Child writers break into print

MSN Slate’s most recent article talks about youth writers and their books’ success. In this article, Eragon and Chris Paolini is mentioned a few times and is even compared to Harry Potter:

This year a teenage word-wizard has overtaken Harry Potter on the New York Times children’s books best-seller list: Christopher Paolini’s epic-fantasy Eragon, written when he was 15, is now in the top spot.

Chris and Eragon are also mentioned later on in the article:

Christopher Paolini’s Eragon, which is riveting, gets it right. The deeply rewarding bond between his hero Eragon and the aging wise man Brom (who believes in practice, practice, practice) is fraught with frustration—for both of them. It’s tempting to suspect that the Montana homeschooler whose epic became a family project (Paolini’s parents first published and helped market it) is writing from experience. That’s not to imply some dark story behind the media portrait of bucolic solidarity on the Paolini home front; it’s only to inject a note of reality and to suggest a good augury for Part 2 of now 19-year-old Paolini’s trilogy. Prodigies thrive on studiously tailored solicitude, but the record suggests that perfect family harmony isn’t generally the secret to mature creativity.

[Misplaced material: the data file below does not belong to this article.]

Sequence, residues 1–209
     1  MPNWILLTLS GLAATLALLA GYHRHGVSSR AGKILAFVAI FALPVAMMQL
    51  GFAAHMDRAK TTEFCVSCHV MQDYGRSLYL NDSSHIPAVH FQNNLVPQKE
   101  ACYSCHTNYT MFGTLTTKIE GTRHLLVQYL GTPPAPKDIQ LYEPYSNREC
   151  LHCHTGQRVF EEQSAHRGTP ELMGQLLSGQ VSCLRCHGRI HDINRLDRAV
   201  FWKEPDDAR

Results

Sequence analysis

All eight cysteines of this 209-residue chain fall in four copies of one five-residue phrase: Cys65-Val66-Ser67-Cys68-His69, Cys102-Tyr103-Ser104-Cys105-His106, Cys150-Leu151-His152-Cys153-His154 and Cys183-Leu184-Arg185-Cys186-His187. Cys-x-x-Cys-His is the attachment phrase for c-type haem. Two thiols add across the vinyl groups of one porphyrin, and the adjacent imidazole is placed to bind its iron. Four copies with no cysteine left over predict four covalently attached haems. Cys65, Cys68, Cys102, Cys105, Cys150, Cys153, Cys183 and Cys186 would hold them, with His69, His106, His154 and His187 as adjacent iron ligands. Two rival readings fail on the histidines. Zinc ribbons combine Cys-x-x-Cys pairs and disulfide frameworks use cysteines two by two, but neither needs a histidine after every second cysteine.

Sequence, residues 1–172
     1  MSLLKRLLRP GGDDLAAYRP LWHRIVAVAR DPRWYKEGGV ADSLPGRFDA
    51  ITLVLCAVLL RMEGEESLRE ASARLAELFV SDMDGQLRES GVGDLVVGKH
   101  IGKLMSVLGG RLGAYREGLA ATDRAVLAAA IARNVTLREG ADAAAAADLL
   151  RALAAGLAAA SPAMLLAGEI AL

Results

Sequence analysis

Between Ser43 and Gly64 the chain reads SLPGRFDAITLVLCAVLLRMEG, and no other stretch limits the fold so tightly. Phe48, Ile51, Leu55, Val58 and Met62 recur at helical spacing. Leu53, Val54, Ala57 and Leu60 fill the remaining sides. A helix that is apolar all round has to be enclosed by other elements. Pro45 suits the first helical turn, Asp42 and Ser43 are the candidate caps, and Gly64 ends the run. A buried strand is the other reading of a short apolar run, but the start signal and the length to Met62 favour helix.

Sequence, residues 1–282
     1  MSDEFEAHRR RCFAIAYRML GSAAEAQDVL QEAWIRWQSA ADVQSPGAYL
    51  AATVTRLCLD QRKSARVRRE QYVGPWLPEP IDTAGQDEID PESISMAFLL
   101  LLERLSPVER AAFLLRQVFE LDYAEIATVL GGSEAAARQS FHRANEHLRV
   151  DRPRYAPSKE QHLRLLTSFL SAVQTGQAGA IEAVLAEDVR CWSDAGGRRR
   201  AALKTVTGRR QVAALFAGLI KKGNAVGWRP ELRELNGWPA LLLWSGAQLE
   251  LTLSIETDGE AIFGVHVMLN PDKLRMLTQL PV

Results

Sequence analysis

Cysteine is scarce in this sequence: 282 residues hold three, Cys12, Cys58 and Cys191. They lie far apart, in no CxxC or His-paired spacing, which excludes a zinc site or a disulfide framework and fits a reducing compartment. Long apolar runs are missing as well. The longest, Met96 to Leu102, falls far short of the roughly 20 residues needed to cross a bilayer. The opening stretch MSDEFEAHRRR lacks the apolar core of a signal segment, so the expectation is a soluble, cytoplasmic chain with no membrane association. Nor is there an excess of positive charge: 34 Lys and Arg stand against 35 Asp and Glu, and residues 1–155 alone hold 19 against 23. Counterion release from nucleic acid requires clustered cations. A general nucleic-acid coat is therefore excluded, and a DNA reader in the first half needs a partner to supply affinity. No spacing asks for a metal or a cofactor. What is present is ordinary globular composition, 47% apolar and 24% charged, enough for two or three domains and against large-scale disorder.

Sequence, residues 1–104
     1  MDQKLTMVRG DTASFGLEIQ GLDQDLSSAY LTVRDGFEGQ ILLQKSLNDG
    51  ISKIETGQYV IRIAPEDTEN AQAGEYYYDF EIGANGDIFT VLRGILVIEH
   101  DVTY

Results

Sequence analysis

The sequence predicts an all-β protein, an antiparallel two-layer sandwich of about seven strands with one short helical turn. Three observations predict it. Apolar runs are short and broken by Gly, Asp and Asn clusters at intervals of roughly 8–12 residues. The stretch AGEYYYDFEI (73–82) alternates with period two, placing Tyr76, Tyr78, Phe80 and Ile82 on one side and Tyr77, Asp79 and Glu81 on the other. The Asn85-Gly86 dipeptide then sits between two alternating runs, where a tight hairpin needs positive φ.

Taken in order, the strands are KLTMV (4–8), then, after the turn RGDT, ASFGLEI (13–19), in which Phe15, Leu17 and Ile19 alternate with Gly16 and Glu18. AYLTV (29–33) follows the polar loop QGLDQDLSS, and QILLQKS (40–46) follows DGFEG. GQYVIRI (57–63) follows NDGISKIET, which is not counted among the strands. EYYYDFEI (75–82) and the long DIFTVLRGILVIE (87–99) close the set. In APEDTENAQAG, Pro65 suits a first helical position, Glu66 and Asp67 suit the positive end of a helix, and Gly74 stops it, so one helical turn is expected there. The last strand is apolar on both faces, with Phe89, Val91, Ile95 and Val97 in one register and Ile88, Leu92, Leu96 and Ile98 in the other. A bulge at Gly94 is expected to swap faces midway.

Big thanks to DuShurtugals.com for a heads up on the article.